There are nearly 15,000 missing incidents reported to Police Scotland every year, with the majority of these being medium to high risk missing persons. Many more incidents go unreported. In 2020-2021, over 40% of investigations related to someone who has been missing more than once, and nearly 50% of investigations related to children. Most of the harm suffered by missing adults and children in Scotland relates to mental health. Moreover, Scotland sadly had 117 fatal outcomes from missing incidents in 2020-2021, which is a greater number than the 58 victims of homicide in Scotland in 2020-2021 (NCA UK Missing Persons data 2020-2021).
Launched in May 2017, The National Missing Persons Framework was the first of its kind in Scotland. Its aim is to build on existing good practice from professionals around missing by existing as guidance with regard to the following aims:
Missing People is uniquely placed to support the Scottish Government’s work in implementing The National Missing Persons Framework. We are the only national charity that supports missing and returned children and adults as well as their families left behind. We have supported every stage of the development and implementation of the Framework, including being a key member of the Framework Development Steering Group.
We have a strong working partnership with Police Scotland, with a renewed partnership signing in 2018; and we are in receipt of multi-year funding from the Scottish Government to raise awareness and use of our services for young people, which has led to increased use of our services by young people.
Since July 2019, we have been working in partnership with Scottish Government to deliver a programme of support to professionals working with missing adults and children, in accordance with the National Missing Persons Framework. The National Missing Persons Framework Implementation Project was delivered in three local areas – Dundee, Edinburgh and Fife, between July 2019 and March 2020, and North Lanarkshire, Renfrewshire and Moray, between April 2020 and March 2021. We worked with an additional five local areas Dumfries and Galloway, East Dumbartonshire, North Ayrshire, Aberdeen City and Aberdeenshire, and Edinburgh from April 2021 to March 2022. In April 2022 to March 2023 we worked with nine local areas in West Lothian, East Lothian, Clackmannanshire, Falkirk, Stirling, South Ayrshire, Dundee, Perth and Kinross, and Glasgow.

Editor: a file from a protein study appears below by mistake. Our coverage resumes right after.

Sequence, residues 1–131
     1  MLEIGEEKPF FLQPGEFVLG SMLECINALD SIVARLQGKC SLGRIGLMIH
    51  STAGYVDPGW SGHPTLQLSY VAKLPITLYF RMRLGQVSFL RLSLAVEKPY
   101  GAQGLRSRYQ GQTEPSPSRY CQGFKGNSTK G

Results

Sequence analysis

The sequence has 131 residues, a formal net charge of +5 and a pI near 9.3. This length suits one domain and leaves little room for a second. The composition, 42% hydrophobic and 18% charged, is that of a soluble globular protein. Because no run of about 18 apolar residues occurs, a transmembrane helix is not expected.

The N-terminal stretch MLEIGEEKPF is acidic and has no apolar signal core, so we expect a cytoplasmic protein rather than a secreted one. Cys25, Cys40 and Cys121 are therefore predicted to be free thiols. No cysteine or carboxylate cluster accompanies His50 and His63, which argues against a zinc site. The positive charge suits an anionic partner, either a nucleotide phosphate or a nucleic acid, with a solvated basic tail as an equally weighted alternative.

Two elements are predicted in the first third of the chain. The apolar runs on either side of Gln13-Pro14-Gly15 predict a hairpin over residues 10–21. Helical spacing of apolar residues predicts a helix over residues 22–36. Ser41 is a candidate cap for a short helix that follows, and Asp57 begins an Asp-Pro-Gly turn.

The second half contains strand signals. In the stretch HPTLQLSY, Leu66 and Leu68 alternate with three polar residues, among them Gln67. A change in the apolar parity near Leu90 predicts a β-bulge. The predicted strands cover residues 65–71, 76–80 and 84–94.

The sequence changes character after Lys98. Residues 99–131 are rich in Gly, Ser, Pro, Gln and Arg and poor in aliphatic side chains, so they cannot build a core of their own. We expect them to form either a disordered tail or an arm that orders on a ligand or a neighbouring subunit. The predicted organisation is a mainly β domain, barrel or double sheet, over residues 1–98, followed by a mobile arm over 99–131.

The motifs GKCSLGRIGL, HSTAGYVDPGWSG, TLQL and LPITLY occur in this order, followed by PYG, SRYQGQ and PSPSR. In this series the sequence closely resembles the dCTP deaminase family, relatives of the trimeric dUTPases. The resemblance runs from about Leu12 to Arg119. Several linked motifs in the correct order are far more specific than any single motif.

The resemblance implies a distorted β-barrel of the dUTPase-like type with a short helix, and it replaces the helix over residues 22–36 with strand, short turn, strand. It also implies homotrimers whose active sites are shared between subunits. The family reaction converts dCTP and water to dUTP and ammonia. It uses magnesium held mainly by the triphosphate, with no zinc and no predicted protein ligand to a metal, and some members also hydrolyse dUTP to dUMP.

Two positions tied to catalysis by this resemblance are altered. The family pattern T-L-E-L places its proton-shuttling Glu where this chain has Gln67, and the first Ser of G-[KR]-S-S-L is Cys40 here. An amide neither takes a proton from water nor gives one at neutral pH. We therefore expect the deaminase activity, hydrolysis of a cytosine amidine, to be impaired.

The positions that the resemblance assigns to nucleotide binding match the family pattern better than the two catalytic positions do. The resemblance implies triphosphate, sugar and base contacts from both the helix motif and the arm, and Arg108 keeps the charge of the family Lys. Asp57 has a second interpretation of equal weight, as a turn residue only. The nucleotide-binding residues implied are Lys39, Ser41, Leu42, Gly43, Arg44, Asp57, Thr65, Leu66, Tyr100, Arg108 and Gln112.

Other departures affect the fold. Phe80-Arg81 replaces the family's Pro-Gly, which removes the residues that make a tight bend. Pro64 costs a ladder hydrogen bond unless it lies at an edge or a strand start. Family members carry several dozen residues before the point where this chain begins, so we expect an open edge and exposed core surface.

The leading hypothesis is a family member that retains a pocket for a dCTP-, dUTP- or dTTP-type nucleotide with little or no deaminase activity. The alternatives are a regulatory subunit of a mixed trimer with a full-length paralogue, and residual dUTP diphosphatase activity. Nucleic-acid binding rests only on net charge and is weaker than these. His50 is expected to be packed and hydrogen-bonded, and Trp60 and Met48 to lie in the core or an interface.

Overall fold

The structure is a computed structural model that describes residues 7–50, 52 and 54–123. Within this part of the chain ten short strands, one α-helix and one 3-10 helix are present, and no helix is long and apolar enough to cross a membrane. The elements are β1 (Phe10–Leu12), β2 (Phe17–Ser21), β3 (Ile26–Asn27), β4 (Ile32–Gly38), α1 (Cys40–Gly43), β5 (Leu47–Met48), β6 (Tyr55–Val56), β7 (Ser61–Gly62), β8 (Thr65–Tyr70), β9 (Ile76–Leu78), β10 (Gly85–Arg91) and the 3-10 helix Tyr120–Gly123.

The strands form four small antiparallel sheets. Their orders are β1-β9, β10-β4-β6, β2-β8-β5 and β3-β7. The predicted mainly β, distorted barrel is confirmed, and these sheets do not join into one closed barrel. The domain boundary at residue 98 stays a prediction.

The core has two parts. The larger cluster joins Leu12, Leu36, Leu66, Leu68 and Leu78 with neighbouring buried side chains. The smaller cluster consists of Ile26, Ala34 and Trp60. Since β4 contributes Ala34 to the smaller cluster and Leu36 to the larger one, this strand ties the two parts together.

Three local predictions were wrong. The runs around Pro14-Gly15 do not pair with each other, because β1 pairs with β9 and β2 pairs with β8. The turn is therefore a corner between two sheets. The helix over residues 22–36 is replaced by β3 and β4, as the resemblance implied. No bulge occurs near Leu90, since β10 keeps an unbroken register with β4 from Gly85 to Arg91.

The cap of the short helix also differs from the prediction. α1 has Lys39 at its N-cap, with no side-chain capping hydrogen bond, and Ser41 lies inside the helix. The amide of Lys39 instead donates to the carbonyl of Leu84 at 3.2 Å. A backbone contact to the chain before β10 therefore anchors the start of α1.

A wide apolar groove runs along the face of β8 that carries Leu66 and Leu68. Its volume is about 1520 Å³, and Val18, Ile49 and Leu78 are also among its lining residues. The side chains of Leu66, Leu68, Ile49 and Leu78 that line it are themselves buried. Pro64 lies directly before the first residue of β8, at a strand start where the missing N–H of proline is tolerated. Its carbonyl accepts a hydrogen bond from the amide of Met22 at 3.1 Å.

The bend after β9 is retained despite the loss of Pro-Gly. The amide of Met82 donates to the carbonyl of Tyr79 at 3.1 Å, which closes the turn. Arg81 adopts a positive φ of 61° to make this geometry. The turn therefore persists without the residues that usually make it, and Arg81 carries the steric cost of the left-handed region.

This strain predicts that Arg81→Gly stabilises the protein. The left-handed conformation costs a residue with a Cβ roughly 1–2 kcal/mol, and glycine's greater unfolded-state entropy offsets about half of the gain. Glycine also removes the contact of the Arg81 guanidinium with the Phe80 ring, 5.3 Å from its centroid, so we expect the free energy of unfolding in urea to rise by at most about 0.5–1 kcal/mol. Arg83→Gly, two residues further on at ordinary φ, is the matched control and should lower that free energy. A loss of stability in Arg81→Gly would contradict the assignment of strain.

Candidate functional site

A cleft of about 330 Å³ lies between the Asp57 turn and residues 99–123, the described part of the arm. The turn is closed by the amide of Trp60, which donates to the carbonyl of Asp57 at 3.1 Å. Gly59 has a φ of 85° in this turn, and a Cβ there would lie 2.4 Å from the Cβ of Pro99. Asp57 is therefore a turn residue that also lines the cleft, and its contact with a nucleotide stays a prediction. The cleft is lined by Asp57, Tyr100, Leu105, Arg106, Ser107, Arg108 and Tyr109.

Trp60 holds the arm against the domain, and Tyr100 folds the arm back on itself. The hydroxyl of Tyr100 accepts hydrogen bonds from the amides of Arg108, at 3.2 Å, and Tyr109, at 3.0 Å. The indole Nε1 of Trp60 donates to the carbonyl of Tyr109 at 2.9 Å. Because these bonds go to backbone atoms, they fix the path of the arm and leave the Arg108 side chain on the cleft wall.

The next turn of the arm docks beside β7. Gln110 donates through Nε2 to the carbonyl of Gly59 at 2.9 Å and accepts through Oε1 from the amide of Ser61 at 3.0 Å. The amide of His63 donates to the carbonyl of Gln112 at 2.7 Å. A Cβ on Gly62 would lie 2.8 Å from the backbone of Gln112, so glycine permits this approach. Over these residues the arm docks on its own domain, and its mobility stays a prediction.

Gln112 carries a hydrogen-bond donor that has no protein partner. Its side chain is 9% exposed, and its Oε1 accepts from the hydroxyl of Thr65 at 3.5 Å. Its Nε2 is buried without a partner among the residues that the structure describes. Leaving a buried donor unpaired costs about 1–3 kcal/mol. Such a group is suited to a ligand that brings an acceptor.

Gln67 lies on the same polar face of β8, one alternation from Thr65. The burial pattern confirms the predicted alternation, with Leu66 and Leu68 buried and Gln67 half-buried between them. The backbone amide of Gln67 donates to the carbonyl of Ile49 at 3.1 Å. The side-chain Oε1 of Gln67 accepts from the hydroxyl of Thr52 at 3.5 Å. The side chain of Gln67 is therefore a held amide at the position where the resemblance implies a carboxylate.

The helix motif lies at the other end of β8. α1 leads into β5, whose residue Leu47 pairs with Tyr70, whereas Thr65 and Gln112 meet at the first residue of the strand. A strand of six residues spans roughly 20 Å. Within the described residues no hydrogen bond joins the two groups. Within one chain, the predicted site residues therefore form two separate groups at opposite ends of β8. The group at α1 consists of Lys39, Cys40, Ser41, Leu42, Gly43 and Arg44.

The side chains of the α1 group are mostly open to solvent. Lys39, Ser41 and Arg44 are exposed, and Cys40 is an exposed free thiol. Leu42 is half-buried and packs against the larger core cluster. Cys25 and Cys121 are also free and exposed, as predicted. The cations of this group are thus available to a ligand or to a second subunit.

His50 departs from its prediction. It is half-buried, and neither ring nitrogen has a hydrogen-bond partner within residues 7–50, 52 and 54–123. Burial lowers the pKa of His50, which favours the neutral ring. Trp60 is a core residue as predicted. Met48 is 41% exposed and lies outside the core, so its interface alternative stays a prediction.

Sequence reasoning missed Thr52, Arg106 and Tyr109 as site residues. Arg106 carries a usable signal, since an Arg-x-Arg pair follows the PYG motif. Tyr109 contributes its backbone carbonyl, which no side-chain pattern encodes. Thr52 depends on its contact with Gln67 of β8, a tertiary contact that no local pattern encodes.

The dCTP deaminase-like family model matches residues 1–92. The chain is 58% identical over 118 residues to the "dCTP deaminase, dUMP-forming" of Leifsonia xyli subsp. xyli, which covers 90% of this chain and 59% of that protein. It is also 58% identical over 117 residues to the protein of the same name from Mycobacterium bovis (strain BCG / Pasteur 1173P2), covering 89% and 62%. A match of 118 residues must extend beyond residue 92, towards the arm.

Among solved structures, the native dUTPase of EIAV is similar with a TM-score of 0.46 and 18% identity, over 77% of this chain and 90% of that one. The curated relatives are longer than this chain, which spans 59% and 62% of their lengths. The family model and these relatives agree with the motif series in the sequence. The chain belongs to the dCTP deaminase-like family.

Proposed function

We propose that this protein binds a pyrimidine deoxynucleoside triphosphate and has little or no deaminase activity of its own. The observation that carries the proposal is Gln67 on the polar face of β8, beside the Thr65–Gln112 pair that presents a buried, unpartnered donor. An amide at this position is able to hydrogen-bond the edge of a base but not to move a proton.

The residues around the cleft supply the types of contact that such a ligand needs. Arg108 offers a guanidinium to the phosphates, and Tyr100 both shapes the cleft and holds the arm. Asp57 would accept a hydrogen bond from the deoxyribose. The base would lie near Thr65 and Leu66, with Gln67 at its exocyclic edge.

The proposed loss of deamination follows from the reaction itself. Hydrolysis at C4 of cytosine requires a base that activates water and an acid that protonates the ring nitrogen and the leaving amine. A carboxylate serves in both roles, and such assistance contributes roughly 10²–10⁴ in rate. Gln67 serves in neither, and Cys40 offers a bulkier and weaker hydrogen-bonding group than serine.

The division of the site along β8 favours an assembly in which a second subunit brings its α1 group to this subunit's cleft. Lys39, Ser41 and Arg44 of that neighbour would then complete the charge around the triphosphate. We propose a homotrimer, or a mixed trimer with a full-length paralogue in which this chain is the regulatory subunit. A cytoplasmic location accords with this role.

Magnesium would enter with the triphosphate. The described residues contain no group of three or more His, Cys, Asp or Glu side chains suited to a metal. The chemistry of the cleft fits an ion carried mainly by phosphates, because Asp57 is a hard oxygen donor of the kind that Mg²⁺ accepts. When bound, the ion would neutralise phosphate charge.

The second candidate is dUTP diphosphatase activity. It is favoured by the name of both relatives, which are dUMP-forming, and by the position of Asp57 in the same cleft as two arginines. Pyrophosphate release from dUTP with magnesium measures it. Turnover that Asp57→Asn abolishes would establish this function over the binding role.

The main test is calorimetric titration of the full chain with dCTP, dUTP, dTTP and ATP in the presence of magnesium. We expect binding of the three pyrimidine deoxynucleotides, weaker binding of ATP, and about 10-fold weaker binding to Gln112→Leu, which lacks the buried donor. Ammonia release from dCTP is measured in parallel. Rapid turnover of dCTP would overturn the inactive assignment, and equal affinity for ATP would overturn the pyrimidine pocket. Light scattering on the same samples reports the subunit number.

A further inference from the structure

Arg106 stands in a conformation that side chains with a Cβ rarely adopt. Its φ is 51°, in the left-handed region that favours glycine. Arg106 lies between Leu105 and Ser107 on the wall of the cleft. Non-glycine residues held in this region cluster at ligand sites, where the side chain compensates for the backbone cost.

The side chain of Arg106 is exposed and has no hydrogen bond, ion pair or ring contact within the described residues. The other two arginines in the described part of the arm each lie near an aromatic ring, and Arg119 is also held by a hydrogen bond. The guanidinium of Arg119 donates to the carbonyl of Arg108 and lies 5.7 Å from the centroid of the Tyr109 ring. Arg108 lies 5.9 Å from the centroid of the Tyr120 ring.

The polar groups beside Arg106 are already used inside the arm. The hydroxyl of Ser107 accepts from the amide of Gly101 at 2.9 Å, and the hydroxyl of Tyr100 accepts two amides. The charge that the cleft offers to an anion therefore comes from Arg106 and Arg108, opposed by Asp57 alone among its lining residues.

The project is comprised of the following activities:
Professionals across Scotland also have access to our online National Missing Persons Framework Toolkit developed as part of the project, containing resources and multi-agency good practice from across Scotland for supporting and responding to missing children, adults and their families.
We hold a free annual national conference to share good practice on missing across Scotland, as part of the project. Previous conferences have included speakers from Scottish Government, Police Scotland, those with lived experience of missing, Barnardo’s, Alzheimer’s Scotland, Missing People, and local leads on missing from areas across Scotland.
“I am much more aware of The Framework and how to support people who have gone missing and return. Today has been really informative and I have a lot to reflect on to make changes to my practice and develop my skills and knowledge.”
– Conference attendee, 2021
Our project reports demonstrate the impact and scope of our work with multi-agency professionals in local areas across Scotland, to date.
For information about how our Missing Specialists can help your local area, please visit our Commission Us page.
If you’re interested in us working with you to deliver consultancy or training in your local area, get in touch.Contact us
Back to the Toolkit